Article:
Following mellow single “Indeed” earlier this year, CRUZA continue to captivate with their hallucinatory ambience and woozy documentation of romance on “Groove Therapy”.
Orlando via San Diego three-piece CRUZA seamlessly blend elements of slick R&B with mystic elements of psychedelic and alternative rock. Though, while loungelike on the exterior, their lyricism often lends itself to something far deeper.
Drawing on the lesser-pleasant emotions of adulthood including depression, loneliness, trauma, and heartbreak, CRUZA’s second single since signing to UK label Juicebox Recordings and US-based Terrible Records – a first time partnership of this kind – continues this trajectory.
“Groove Therapy” encapsulates all that CRUZA stands for. Showing off an expansive eclecticism, a soulful vocal glides across the mesmerising production while being packed with hazy touches. They coat the entire affair with heavy doses of disorientation, including a heavy reverb, to channel the conflicting emotions that stem from toxic relationships.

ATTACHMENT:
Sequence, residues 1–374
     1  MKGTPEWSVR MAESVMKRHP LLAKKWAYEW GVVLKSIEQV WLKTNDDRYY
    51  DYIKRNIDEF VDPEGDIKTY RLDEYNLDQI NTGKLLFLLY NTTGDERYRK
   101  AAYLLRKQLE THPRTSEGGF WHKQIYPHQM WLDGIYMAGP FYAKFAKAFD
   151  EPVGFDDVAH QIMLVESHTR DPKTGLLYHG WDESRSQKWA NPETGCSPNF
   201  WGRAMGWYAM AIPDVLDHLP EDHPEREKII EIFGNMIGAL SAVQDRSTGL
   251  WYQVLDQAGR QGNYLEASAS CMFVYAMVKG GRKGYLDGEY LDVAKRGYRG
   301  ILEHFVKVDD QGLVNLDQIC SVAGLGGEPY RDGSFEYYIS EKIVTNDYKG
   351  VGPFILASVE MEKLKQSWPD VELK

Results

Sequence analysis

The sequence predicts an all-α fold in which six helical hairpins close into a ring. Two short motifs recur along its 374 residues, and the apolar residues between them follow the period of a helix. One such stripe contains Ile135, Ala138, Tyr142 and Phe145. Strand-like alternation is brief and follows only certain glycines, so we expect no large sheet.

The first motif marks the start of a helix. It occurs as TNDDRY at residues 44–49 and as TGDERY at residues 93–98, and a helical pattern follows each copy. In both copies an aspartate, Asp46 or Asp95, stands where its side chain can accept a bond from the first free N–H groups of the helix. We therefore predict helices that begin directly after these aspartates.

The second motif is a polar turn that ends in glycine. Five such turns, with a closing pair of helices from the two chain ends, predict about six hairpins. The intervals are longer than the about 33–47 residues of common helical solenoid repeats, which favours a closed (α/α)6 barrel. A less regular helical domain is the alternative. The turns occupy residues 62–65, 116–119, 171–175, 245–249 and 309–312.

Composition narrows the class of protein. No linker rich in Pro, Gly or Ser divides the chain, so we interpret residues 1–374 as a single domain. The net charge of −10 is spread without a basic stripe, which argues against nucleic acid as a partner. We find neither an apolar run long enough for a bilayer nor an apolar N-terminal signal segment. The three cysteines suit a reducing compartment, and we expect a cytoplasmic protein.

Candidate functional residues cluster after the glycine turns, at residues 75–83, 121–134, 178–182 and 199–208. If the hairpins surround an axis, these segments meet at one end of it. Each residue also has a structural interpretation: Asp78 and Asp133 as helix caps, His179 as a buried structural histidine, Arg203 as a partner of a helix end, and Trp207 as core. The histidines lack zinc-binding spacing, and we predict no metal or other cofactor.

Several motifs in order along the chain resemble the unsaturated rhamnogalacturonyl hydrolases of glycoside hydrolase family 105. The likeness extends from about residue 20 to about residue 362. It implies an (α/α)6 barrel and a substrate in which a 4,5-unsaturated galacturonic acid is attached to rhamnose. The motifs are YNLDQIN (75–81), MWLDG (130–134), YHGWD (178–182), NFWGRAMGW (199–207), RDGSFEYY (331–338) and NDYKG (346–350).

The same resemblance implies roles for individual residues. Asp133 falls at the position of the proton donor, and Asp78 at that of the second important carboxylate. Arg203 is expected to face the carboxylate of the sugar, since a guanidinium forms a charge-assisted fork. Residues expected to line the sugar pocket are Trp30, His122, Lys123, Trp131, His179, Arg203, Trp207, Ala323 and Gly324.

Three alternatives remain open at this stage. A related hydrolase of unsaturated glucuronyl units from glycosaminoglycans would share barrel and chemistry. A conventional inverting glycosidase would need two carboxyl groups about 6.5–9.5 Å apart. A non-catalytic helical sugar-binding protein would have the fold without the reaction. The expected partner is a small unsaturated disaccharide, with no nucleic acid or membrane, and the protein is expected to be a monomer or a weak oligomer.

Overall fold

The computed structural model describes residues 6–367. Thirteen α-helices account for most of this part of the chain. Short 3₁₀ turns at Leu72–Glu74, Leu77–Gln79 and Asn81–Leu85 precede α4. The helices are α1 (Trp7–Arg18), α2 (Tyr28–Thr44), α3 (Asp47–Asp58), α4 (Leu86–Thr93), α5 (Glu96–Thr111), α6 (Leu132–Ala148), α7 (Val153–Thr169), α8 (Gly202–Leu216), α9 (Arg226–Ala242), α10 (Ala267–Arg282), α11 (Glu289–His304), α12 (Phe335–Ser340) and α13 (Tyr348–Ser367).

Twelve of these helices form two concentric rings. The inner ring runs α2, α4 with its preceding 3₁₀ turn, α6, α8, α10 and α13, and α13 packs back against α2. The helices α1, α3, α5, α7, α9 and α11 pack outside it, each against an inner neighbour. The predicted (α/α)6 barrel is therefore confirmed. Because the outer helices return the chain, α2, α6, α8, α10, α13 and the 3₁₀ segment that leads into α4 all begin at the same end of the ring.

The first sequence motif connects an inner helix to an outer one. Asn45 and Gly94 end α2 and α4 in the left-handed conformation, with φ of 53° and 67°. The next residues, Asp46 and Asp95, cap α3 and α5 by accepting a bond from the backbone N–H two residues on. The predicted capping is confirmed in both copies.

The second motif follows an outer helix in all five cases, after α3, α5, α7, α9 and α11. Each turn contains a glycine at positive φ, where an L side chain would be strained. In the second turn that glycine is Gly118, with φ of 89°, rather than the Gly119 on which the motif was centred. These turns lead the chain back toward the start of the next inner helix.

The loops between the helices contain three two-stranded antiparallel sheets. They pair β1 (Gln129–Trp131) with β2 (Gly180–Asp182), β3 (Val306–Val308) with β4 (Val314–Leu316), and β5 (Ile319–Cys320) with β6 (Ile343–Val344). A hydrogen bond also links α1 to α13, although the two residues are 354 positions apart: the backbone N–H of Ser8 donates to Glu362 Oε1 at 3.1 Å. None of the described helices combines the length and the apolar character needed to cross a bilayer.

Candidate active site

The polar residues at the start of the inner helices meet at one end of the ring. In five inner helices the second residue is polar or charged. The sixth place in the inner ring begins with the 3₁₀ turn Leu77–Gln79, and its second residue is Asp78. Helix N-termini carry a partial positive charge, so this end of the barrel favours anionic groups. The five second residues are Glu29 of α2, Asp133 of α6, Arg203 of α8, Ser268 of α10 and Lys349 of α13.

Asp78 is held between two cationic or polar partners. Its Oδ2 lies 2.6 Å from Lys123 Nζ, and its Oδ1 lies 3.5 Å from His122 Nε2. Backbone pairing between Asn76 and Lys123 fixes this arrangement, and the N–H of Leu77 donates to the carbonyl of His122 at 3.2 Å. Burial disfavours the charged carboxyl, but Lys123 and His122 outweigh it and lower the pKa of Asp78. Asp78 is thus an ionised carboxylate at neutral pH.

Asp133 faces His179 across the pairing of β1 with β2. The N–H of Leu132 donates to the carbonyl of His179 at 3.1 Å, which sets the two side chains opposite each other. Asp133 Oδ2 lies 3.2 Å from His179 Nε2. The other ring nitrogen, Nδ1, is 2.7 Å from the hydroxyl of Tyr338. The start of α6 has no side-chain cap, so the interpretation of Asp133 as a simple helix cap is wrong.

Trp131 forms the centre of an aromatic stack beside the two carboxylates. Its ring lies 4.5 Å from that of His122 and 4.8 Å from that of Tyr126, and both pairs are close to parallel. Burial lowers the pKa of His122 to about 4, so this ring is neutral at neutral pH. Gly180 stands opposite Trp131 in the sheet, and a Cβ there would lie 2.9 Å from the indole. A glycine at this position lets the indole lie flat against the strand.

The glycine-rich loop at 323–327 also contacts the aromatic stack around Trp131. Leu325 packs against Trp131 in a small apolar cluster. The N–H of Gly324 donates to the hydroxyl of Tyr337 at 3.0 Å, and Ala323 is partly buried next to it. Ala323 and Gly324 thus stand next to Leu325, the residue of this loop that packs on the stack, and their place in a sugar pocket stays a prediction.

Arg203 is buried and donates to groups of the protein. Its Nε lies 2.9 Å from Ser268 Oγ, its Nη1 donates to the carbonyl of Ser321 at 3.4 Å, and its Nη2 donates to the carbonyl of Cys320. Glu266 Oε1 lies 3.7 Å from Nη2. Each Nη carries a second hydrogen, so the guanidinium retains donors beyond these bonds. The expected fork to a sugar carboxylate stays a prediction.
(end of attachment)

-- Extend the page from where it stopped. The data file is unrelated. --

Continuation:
"”All the while, you got me wishin’ I was sober" sets the tone for the single,” vocalist Adam Kain tells Best Fit. ‘Groove Therapy’ is a song that I wrote about a previous unhealthy relationship that I was in during college that, due to its self-destructive nature, resembled more of a substance dependency than it did a typical relationship.”
“Often I found myself in a state of delusion in which I thought that relationship was the solution for all my problems when in reality it was the source of my depression and unhappiness.”
“In terms of production 'Groove Therapy' takes more of a nostalgic groove approach that we haven't quite explored before the creation of this song. Collectively we decided that introducing this sound as our second single would be a good opportunity to give our supporters an idea of what to expect from our new Dog Daze EP.”
“From a lyrical standpoint, the subject matter of many of our songs can sometimes be dreary and somewhat sombre, so we felt that it would be fitting to keep our subject matter honest while doing it in a way that would also give the listener no choice but to get lost in the infectious rhythm of the production.”